The Fire Next Time

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Year in Reading: Michael Bourne


I first read James Baldwin’s The Fire Next Time in my teens. I discovered it on my parents’ bookshelves alongside Claude Brown’s Manchild in the Promised Land, Maya Angelou’s I Know Why the Caged Bird Sings, and Eldridge Cleaver’s Soul on Ice, all of which I inhaled in greedy gulps the way other kids I knew attacked their bongs. I had a strangely divided childhood when it came to race. Most of the year we lived in a leafy commuter suburb of San Francisco, where everyone was forever congratulating themselves for how progressive they were in their views about Black people, but where actual Black people were a very small minority of the population. Then in the summers I stayed with my grandparents in Danville, Virginia, a gritty Southern mill town, where nobody was progressive in their views about anything, but where Black people were, for me, a daily, confounding presence.

One of my primal memories from those summer visits is tagging along with my grandfather to drive the family cook home after work. Each night after supper we set out in my grandfather’s hulking Oldsmobile, driving through the clean, wide streets of the white side of town, crossed some railroad tracks, and watched as the houses got smaller and the streets got narrower and more crooked and pocked with potholes.

Years later, as a grown man, I spent months driving my grad-student Nissan all over Danville talking to people on both sides of the color line for an oral history project on the Civil Rights Era. But in the 1970s I was just a white boy in the back of an Oldsmobile. I knew something was very, very wrong with the picture I was seeing out the window, but no one would tell me what it was.

This was the conundrum I turned to James Baldwin to unravel. In a white culture marked by deflection and denial, Baldwin and Cleaver, along with the comedy albums of Richard Pryor and the proto-rap tunes of Gil Scott-Heron, told it straight. And what a relief that was. No, these Black artists said, I wasn’t crazy. No, the world I lived in wasn’t fair or right.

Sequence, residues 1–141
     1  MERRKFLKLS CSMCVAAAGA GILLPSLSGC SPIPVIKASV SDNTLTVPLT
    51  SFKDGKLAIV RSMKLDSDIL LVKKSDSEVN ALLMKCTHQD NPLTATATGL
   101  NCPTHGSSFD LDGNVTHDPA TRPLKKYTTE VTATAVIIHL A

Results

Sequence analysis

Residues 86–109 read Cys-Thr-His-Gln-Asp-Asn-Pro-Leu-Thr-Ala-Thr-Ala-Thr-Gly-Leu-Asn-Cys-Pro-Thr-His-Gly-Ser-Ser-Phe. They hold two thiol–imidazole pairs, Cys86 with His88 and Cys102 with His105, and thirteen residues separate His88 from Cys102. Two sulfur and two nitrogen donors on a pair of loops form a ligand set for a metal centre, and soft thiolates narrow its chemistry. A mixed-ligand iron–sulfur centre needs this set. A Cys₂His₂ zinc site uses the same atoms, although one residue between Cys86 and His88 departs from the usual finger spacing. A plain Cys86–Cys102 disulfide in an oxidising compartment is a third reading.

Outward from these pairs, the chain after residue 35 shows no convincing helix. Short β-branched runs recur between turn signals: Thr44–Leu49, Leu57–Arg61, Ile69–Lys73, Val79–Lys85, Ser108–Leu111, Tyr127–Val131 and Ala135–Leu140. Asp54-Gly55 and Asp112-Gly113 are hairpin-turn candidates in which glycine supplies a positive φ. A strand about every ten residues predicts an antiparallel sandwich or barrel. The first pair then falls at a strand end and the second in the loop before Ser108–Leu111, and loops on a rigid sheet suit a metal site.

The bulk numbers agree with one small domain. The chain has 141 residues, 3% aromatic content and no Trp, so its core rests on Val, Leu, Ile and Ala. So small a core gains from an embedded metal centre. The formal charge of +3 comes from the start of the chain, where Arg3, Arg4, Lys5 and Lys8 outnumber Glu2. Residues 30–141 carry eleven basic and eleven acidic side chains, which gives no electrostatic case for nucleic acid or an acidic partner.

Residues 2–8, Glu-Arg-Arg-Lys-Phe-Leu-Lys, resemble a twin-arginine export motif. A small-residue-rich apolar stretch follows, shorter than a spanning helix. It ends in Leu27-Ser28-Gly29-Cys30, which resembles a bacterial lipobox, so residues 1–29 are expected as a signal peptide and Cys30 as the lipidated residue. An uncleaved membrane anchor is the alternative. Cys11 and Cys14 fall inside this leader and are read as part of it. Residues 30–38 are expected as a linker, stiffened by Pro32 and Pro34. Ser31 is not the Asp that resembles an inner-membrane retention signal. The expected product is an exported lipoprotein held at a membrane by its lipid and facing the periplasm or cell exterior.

I was
reminded of those evening rides across Danville this summer during the waves of
protests that followed the murder of George Floyd at the hands of
Minneapolis police officers. As the demonstrations spread, millions of white
Americans found themselves, as I had in the back seat of my granddaddy’s Oldsmobile,
in the uncomfortable position of seeing for the first time how they looked in
the eyes of people of color they shared their cities with. And like me, they
turned to books to understand what they were seeing.

I did, too. Early in the summer, I read Sarah M. Broom’s epic New Orleans memoir The Yellow House and Colson Whitehead’s short but equally epic The Nickel Boys. By lucky accident, I happened on S.A. Crosby’s propulsive crime novel Blacktop Wasteland, set in Southeast Virginia, not too far from where my grandparents lived. Later, remembering my childhood trips to my parents’ bookshelves, I picked up Begin Again, critic Eddie Glaude’s meditation on James Baldwin and history. Glaude’s book was a revelation to me because it focuses not on The Fire This Time and the other early nonfiction that had so spoken to me so forcefully as a teenager, but Baldwin’s later work as a writer and activist struggling to make sense of what Glaude calls the “after time” following the murder of Martin Luther King, Jr. and the slow collapse of the Civil Rights Movement.

But nothing else I read this year taught me more about America and its tortured history than Edward E. Baptist’s The Half Has Never Been Told: Slavery and the Making of American Capitalism. So many of the classic American texts on slavery focus on the impact it had on white political history. The Half Has Never Been Told touches on American political history, but it is principally about the daily mechanics of Deep South cotton plantations, how market forces spurred 19th century plantation owners to drive their enslaved workers to produce ever more cotton per hand, year after year. Without appreciable advances in technology or seed varieties, slaveholders could only achieve such exponential growth through constant and systematic application of physical torture – what Baptist calls “the whipping machine.” The fact that Baptist manages to convey the sheer brutality required to get rich raising cotton without turning the book into 500+ pages of horror porn only makes it that much more chilling.

They should hand out a copy of The Half Has Never Been Told to every American kid finishing college and every newly elected member of Congress. You can’t fully understand the stubborn persistence of racism in this country without grappling with the economics of a Deep South cotton plantation. Slaveholders, as Baptist makes clear, didn’t necessarily hate their slaves. They were business people responding to inhuman but rational market forces, who saw their enslaved workers as property, another kind of livestock to monetize in whatever way possible. Cruelty was essential to their business.

More than 150 years later we’re still living in the world they made.

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